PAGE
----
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Irony in Quotations: Once Upon a Time (TV Series)/THAT STILL SMALL VOICE (2011)


"Once Upon a Time" That Still Small Voice (TV Episode 2011) Poster

Quotes

Jiminy: We’re making enough from the ticket sales. Do we have to steal, too?

Martin: We don’t need to, but it’s nice. We steal from them, and they steal from someone else.

Myrna: It’s called an economy.

JUST A THOUGHT:  “The  thief always assumes that everybody else was dipped into the same river, or fished from the same pond!”
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April 29: The 25th child of a wool dyer in northern Italy, St. Catherine


SAINT OF THE DAY

April 29 Saint of the Day

ST. CATHERINE OF SIENA
April 29: The 25th child of a wool dyer in northern Italy, St. Catherine … Read More

April
29
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POPE: IF YOU HAVE PEACE, THERES NO ROOM FOR GOSSIP, ENVY OR DEFAMATION View Video


POPE: IF YOU HAVE PEACE, THERES NO ROOM FOR GOSSIP, ENVY OR DEFAMATION   View Video

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Duke Ellington Diminuendo And Crescendo In Blue


Duke Ellington Diminuendo And Crescendo In Blue

Duke Ellington – Mood Indigo


Quotation: Andrew Lang


Life’s more amusing than we thought.

Andrew Lang (1844-1912) Discuss

Duke Ellington – The Degas Suite (1968)



The Degas Suite is the soundtrack of an art film conceived in 1968 by producer Sam Shaw, who had already worked with Duke Ellington on the motion picture Paris Blues. Shaw had been impressed by an exhibition at Wildenstein’s of the best racetrack pictures by the impressionists and post-impressionists, and he saw the opportunity to do a film without the kind of big company interference he and Ellington had experienced in Paris. 
Ellington was enthusiastic and quickly came up with the necessary music, tailoring it skillfully to fit the paintings and drawings shown in the film. Anthony Quinn had agreed to do the narration and in turn became enthusiastic when he saw the film and heard the music, so much so that he persuaded Charles Boyer and Simone Signoret to participate with him in the narration. Alas, all this came to naught when the project ran out of money. Ellington was given the soundtrack as some recompense for his work.
Shaw felt the music was “perfection” and, had the project succeeded, intended another similar film with pictures by Matisse.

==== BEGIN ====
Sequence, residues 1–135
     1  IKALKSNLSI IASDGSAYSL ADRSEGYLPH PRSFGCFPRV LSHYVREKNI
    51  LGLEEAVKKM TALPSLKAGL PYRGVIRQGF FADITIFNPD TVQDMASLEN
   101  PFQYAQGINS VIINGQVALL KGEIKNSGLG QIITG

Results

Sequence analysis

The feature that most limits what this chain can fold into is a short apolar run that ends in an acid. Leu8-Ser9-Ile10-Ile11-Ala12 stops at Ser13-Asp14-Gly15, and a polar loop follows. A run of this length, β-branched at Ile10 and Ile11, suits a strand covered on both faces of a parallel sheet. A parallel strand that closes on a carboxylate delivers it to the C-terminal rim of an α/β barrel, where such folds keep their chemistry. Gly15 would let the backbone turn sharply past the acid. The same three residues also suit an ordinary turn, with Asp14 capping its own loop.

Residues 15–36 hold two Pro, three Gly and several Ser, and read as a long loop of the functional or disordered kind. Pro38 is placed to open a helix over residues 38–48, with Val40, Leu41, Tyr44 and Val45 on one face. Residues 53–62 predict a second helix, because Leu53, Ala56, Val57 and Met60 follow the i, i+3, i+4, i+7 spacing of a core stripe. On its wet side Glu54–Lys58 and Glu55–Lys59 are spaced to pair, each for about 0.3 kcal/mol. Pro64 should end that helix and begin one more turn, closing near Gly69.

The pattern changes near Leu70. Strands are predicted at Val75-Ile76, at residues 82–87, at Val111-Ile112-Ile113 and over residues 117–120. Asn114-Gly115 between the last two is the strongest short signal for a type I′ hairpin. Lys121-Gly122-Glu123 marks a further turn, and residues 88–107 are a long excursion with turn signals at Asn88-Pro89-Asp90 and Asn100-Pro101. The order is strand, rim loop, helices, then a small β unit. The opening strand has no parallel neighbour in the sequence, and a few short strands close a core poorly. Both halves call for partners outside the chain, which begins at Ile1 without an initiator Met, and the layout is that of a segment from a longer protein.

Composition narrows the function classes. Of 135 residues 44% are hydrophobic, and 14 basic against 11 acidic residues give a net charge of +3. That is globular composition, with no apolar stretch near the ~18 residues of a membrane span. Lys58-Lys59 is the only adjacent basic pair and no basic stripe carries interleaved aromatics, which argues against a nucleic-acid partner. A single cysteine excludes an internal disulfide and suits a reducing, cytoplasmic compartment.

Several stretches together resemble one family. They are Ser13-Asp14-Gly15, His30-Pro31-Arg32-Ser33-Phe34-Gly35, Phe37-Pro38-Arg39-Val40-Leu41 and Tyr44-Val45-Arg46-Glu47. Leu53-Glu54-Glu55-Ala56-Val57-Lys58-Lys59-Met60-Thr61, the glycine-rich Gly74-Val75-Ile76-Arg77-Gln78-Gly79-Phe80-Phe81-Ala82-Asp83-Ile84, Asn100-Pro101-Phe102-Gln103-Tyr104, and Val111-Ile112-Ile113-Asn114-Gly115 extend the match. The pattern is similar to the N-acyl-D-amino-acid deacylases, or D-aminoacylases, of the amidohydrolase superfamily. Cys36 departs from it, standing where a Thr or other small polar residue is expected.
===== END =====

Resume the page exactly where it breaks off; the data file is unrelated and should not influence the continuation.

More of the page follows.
After seeing the Degas material for the first time, Duke Ellington decided to use just four horns and piano, but the group grew in size when work began. Different titles and versions were recorded at sessions during November and December 1968, but the soundtrack, in this instance, solves the problem of deciding which takes Ellington himself considered definitive. Some performances were omitted altogether from the soundtrack and others curtailed.
The soloists are easily identifiable from the listed personnel, but it should be noted that Harold Ashby takes over from Paul Gonsalves in the last, slower section of “Daily Double“. Johnny Hodges, surely the greatest lyrical voice jazz has ever produced, exposes the beautiful main theme, “Race”, at beginning and end. The piano player is in splendid form throughout.

THE DEGAS SUITE
(Duke Ellington)

1. Introduction – Opening Titles
2. Race
3. Racing
4. Piano Pastel
5. Improvisation – Marcia Regina
6. Piano Pastel
7. Daily Double
8. Drawings
9. Promenade
10. Sonnet
11. Race

Duke Ellington – piano
Willie Cook – trumpet
Chuck Connors – bass trombone
Johnny Hodges – alto saxophone
Russell Procope – alto saxophone and clarinet
Paul Gonsalves, Harold Ashby – tenor saxophones
Harry Carney – baritone saxophone
Jeff Castleman – bass
Rufus Jones – drums

New York, November 6, 1968
except “Daily Double”, December 3, 1968

P.S. “Artwork” by Degas was me being ironic. Enjoy these great masters!

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Why DUKE ELLINGTON Today?


Duke Ellington (1899)

Duke Ellington was an American jazz musician and composer. Among his best-known short works are “Mood Indigo,” “Solitude,” and “Sophisticated Lady.” He also wrote jazz works of complex orchestration for concert presentation and composed religious music, including three sacred concerts. Ellington toured Europe extensively, appeared in numerous jazz festivals and several films, and made hundreds of recordings. In 1969, he received the Presidential Medal of Freedom. What was his real name? More… Discuss

Track List:
1. “Stompy Jones” (Duke Ellington) 0.00
2. “Just Squeeze Me” (Fats Waller, Clarence Williams) 
6:41
3. “Big Shoe” (Jimmy Hamilton) 11:20
4. “Going Up” (D. Ellington)  16:58
5.”Just a Memory” (Lew Brown, Buddy DeSylva, Ray Henderson21:48
6. “Let’s Fall in Love” (Harold Arlen, Ted Koehler) 27:43
7. “Ruint” (Mercer Ellington, Johnny Hodges34:32
8. “Bend One” (Hodges) 37:07
9. “You Need to Rock” (Hodges) 40:07